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How to Work From Home Using the KonMari Method

Regardless of the work you're doing, it's important to create an environment that keeps you focused and productive. Follow these simple tips from the famous Japanese life organizer, Marie Kondo, to keep your workplace and work life organized.

As more and more office workers transition to a home office setup and take control over their workplace environment, many of them are turning to a variety of organizing methodologies to help de-clutter their space and clear their minds. By creating workspaces that promote less distraction, higher self-esteem, and more efficient navigation, home office workers are cultivating environments that help them stay happy and productive. Perhaps the most popular guiding methodology is the KonMari Method, which was conceived by Marie Kondo and made famous by her book The Life-Changing Magic of Tidying Up. In the book, Kondo details how one simple question— “Does this spark joy?”—can help us to determine whether or not an object should remain in our living space. She also details a straightforward but comprehensive process for organizing and arranging those possessions that we have lovingly decided to keep.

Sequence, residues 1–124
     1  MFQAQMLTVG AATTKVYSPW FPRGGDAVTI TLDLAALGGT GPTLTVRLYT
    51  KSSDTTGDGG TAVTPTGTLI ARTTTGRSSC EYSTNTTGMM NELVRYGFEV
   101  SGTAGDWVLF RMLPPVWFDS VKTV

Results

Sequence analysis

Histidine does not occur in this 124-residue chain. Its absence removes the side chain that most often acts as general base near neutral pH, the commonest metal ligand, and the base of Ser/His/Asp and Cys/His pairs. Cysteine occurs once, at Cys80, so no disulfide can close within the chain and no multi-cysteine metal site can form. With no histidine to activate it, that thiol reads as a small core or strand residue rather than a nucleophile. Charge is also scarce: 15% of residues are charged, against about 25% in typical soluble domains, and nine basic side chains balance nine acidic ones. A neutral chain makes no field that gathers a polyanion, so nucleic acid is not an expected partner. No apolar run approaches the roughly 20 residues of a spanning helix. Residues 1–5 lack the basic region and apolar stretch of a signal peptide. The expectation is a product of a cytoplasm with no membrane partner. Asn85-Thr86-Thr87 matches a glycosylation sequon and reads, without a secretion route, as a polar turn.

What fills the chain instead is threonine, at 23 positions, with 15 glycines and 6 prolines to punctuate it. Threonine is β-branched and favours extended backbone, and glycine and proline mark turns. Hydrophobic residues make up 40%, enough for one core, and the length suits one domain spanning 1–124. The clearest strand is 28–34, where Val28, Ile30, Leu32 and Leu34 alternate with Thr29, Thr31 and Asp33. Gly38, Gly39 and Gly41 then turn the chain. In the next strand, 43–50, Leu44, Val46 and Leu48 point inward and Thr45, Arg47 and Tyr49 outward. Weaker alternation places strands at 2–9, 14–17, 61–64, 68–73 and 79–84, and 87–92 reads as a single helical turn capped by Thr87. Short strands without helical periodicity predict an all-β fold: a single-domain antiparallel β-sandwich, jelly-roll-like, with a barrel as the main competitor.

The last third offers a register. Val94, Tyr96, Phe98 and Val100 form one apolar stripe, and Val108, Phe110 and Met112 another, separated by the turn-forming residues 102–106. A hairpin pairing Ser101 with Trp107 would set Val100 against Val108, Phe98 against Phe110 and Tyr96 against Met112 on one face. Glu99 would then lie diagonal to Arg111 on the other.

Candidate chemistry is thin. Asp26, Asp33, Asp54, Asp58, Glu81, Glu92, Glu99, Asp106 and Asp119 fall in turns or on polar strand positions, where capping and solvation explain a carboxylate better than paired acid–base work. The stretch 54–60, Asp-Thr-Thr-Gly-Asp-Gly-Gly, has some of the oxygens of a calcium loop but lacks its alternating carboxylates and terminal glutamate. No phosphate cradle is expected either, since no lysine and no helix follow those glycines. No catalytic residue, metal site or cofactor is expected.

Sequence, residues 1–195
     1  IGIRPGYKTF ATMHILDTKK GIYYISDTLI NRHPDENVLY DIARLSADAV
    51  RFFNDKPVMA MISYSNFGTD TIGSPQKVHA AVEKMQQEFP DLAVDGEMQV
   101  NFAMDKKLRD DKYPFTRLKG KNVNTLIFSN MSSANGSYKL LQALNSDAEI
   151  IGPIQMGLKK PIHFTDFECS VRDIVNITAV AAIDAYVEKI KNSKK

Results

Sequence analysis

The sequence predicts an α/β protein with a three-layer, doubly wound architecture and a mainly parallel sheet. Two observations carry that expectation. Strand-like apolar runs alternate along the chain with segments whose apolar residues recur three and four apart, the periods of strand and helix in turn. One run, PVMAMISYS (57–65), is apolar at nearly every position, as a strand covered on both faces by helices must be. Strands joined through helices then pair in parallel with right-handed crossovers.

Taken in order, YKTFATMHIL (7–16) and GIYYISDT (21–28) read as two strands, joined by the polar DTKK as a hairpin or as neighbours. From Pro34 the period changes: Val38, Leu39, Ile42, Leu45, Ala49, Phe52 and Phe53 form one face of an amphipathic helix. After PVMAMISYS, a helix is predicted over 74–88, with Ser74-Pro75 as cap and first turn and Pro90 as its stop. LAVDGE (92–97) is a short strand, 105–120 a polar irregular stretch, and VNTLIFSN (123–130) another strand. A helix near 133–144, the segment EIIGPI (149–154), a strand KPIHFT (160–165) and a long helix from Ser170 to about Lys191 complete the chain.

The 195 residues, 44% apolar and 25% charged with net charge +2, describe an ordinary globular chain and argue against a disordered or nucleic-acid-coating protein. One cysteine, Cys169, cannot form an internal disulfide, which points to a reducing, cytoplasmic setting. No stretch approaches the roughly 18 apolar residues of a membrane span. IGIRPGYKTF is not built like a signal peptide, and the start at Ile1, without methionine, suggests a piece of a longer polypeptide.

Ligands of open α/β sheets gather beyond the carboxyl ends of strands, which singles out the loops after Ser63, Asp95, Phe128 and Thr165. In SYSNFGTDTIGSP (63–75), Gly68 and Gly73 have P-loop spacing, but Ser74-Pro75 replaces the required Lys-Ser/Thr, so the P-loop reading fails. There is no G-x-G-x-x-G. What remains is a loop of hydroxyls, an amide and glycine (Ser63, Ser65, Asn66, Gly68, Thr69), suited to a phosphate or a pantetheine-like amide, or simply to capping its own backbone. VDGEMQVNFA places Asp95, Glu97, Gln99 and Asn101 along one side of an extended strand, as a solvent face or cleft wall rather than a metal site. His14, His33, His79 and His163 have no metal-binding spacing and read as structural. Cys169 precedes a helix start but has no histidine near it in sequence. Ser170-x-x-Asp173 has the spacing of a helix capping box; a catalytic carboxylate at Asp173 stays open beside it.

Kondo’s most recent book, Joy at Work: Organizing Your Professional Life, co-written with psychologist Scott Sonenshein, takes several of the core concepts of the KonMari Method and applies them to the context of the modern workspace. In the book, Kondo and Sonenshein guide the reader through core principles that can help an office worker foster a space that truly sparks joy and promotes productivity, whether at home or a conventional office space. Below are a few of the core concepts from the book that will help you lead a healthier, happier work life.

A de-cluttered workspace increases productivity

Any worker would agree that a more organized office is conducive to a less distracted, more productive workday. How to actually manifest that workspace, though, presents another question entirely. Maybe your desk is covered with miscellaneous paperwork that you think will require your attention at some point in time; or perhaps you have a variety of work-related objects that you no longer need but don’t want to throw away. Referencing various studies that demonstrate how clutter impedes initiative, Kondo and Sonenshein teach us how to confront our arbitrary material attachments and consciously tackle the messes that stand in our way.
The first and most critical step is whittling down our office to only the most essential objects—those things that we need to have in order to continue being productive through the day. All extraneous or less essential objects should either be discarded or stowed into organized, accessible compartments.
In the vain of the KonMari Method, Kondo and Sonenshein also recommend that workers add a single object to their work environment that sparks joy within—Kondo, for one, keeps “a crystal or small vase of fresh flowers on [her] desk.” This helps keep her grounded through the day, and gives her a small reprieve from the tasks at hand without totally pulling her out of the workspace.

Apply KonMari concepts to your virtual world